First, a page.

VIKING AGE SITES IN NORTHERN EUROPE
Last week the nomination document for the serial transnational property Viking Age Sites in Northern Europe was delivered to the World Heritage Office in Paris. The nomination is an ensemble of seven component parts, from five States Parties, all of which are monumental archaeologicalsites or groups of sites dating from the 8th– 11th centuries AD.
The nomination comprises land-, sea- and townscapes stretching from the North Atlantic to the Baltic Sea. In the Viking Age the Norse peoples - the Vikings - developed a maritime culture which had an enormous impact on Northern Europe and beyond. Within Scandinavia the Viking Period witnessed the transformation from tribal to state societies and a change of religions.
The three Christian kingdoms that developed from this transformation, and out of which the present Nordic States evolved, were by the end of the Viking Age an integral part of Europe. Thus, in modern times, Viking culture has contributed significantly to the creation of cultural coherence, symbolic values and cultural identity in the Nordic region, and it continues to hold immense public appeal world-wide.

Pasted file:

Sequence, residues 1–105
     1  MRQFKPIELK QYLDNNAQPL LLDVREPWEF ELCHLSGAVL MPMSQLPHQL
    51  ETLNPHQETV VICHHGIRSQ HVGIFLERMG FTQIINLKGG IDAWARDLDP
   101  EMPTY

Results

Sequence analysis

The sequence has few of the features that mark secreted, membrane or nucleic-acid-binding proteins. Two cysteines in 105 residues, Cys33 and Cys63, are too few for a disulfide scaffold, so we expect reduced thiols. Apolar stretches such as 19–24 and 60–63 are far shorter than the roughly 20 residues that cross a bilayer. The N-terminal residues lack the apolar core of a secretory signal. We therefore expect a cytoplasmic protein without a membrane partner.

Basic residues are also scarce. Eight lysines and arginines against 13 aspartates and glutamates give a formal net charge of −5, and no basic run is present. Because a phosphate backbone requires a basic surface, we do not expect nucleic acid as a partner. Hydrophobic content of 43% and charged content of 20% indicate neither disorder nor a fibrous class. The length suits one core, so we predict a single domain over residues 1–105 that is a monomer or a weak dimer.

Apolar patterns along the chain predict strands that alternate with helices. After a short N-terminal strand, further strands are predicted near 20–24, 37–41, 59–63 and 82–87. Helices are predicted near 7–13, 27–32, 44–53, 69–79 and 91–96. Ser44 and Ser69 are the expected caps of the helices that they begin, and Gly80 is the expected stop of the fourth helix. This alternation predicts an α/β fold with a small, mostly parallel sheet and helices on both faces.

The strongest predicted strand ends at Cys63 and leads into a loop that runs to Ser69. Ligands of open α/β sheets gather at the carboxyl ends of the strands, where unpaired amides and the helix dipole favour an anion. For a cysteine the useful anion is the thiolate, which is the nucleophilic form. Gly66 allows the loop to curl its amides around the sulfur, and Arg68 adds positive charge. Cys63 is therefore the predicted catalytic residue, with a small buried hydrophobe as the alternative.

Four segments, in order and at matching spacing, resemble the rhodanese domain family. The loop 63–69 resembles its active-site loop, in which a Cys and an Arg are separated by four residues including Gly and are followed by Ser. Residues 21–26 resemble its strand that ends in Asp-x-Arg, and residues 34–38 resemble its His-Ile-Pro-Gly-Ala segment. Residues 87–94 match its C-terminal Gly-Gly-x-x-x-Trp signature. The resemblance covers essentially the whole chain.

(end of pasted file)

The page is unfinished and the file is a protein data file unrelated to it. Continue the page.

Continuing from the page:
The sites which are part of the this nomination are:
Þingvellir in Iceland.
Hedeby and Danevirke Germany.
The Grobiņa burials and settlements in Latvia.
Jelling and the Trelleborg fortresses in DenmarkT
The Vestfold ship burials and the The Hyllestad quernstone quarries in Norway
Each country is responsible for its component part in the nomination work. The staff at Thingvellir National park has worked on the Þingvellir part. This project has been complex but also attracted interest due to its new approach to making a transnational serial nomination. The Cultural Heritage Agency of Iceland was responsible for the coordination of the project but it is steered by an international steering committe with members from each participating country.
The nomination will now be reviewed by the World Heritage Office and ICOMOS but the final decision on the nomination will be taken at the World Heritage Committee meeting in the summer of 2015.
Further reading on the nomination can be found here.
On the picture: Ragnheiður H. Þórarinsdóttir Chair of Steering Committee Ministry of Education, Science and Culture in Iceland, Kishore Rao Director of UNESCO’s World Heritage Centre and Claus van Carnap Bornheim State Archaeologist of Schleswig-Holstein Germany.